(Photo: There’s no place like home. Credit: NASA Earth Observatory.)
“It all started way back in April of 2003. I had moved to Chicago to get over NYC’s post-9/11 angst.”
October 26, 2005
“Cars and I don’t mix well. I can barely get into and out of one without injuring myself or the car. Sometimes both. I was raised on the subway.”
November 1, 2005
“I’ve never ever been able to identify the moment when the idea to actually tear myself away from NYC and move across country actually happened. One day I knew the decision had been made and, utterly, I no longer had a choice in the matter.”
May 18, 2006
“After 9/11, life in New York City — mine, anyway — never recovered, and heading to the urban capital of middle America seemed like a good idea at the time. “
July 3, 2006
“I went to Chicago to find an apartment, and found a friend to drive whatever possessions of mine would fit into an SUV across the five state lines between here and there. And I never looked back.”
August 24, 2006
“You can’t go home again, nor, necessarily, should you. I know if I ever did return to New York, no amount of therapy in the world would be able to prevent me from falling back into my own old box of fear.”
July 7, 2006
“I watched the wide and endless Midwestern grid of small towns and farms spread flat below, broken eventually by the comforting, massive sweep of the inland sea of Lake Michigan, and, finally, the appearance of the only skyline I’ve known for four years.”
November 19, 2006
“Spiritual awakenings take by surprise reluctant souls and lead them on unexpected journeys. For reluctant souls, any spiritual journey at all is, by definition, an extraordinarily, very, very unexpected one.”
January 2, 2007
“And time passes and you lose touch with people who you know to this day were among the most important influences on your life. Ten days ago, a Gay and Lesbian Youth of New York alum started searching for former members. Yesterday, I got an email…It was all I could do not to sob in front of my colleagues.”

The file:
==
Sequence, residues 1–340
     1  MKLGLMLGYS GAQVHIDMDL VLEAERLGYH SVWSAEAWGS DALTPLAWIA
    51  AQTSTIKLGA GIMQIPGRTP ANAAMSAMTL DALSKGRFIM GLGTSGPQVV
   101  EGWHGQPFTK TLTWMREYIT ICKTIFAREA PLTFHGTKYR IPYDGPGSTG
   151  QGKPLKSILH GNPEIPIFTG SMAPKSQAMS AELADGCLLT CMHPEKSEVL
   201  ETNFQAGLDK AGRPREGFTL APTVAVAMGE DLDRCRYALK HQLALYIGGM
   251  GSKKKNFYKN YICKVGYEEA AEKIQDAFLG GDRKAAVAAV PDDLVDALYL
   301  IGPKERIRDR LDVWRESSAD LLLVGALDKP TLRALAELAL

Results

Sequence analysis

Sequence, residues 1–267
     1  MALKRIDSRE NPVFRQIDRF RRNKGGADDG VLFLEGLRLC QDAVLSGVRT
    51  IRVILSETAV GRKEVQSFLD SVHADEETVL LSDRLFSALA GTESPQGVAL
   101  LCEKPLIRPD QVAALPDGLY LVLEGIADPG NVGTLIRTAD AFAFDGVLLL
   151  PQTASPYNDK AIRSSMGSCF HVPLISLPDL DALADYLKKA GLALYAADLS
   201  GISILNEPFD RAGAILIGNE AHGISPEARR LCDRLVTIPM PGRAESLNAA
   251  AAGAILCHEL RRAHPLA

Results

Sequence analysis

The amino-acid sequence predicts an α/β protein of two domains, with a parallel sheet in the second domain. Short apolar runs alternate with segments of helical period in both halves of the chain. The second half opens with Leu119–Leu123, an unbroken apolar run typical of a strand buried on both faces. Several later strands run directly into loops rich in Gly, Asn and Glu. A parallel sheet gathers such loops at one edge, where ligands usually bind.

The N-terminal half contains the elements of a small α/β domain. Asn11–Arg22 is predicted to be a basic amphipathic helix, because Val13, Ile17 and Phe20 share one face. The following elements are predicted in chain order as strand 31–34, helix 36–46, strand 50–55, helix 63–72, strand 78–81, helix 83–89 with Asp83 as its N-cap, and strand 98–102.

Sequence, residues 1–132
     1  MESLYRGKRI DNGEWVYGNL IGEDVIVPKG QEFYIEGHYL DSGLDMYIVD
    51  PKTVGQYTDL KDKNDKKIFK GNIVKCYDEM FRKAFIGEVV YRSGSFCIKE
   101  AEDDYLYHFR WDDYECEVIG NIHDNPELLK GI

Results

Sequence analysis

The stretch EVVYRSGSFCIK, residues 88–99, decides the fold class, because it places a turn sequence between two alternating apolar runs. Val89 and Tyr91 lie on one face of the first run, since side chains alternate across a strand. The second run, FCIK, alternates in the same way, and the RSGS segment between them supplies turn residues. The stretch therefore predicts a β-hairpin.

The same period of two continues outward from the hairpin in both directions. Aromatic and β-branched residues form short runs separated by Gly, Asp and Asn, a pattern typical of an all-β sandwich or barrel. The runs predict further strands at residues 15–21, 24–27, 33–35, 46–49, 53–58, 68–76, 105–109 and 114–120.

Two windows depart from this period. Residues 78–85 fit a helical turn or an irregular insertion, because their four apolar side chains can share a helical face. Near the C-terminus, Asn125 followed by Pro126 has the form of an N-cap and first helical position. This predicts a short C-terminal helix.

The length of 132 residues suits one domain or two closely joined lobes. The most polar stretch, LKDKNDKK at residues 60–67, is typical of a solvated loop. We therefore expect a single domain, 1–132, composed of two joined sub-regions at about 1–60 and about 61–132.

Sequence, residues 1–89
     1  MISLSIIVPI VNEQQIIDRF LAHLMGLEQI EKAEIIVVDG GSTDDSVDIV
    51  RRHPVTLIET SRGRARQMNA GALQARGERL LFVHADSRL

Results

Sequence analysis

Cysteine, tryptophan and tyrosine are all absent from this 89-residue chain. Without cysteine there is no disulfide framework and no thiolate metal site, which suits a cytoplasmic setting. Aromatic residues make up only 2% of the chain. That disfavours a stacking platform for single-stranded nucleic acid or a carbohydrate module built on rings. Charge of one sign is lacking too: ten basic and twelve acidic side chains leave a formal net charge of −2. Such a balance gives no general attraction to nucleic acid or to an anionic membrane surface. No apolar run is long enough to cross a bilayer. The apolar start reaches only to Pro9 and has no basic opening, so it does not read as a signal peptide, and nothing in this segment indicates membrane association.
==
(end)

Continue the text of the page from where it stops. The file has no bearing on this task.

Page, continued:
March 31, 2007
“For the first time in four years, I have begun to reconsider my decision to leave New York. I deeply love Chicago. But I wonder whether I would have left NYC if these wonderful, (on the same level as) familial connections had still been available to me in 2003…God is in this. I’m sure of it. As sure as I am that, unlike before, at certain miraculous times, indeed, you can go home again.”
April 11, 2007
“The day before I came to New York for what accidentally turned out to be this GLYNY reunion, I was happy. I was content in my life, secure in myself, and did not feel alone or unjoyful in the slightest. I return to Chicago knowing the lie in that. I return feeling completed, feeling whole, for the first time since I can remember. And it is you, my brothers and sisters, who complete me. I have no recollection of mourning your absence. Yet, after a few short days spent variously in your company, I cannot imagine my life moving forward without you…I look forward to spending the rest of my life with you in it.”
April 18, 2007
Time moves on and so do we, frequently in the most unexpected of directions. Sometimes we know exactly why we choose the paths that we take. Sometimes we just go on faith. Four years ago, the latter inspiration guided me to one of the greatest cities in America. Now, the same inspiration leads me back to another.
Some pulls in life prove irresistible–love, amity, origin. You can answer their call, or ignore them and bet that you won’t regret the decision for the rest of your life. I am not a betting man. This summer, with an indescribably reluctant heart but an enormous faith in the future, I’m leaving Chicago. As has been my way, I suppose I’ll use the final two months of Chicago Carless to help me make some sense of this new detour in my life.
On July 1, with Devyn in tow, and with his blessing and collaboration, I will return home to New York City. Not because it’s New York City. Not at all because of that. But simply because of one reason of which my life has just in no uncertain terms reminded me.
Because it’s my home.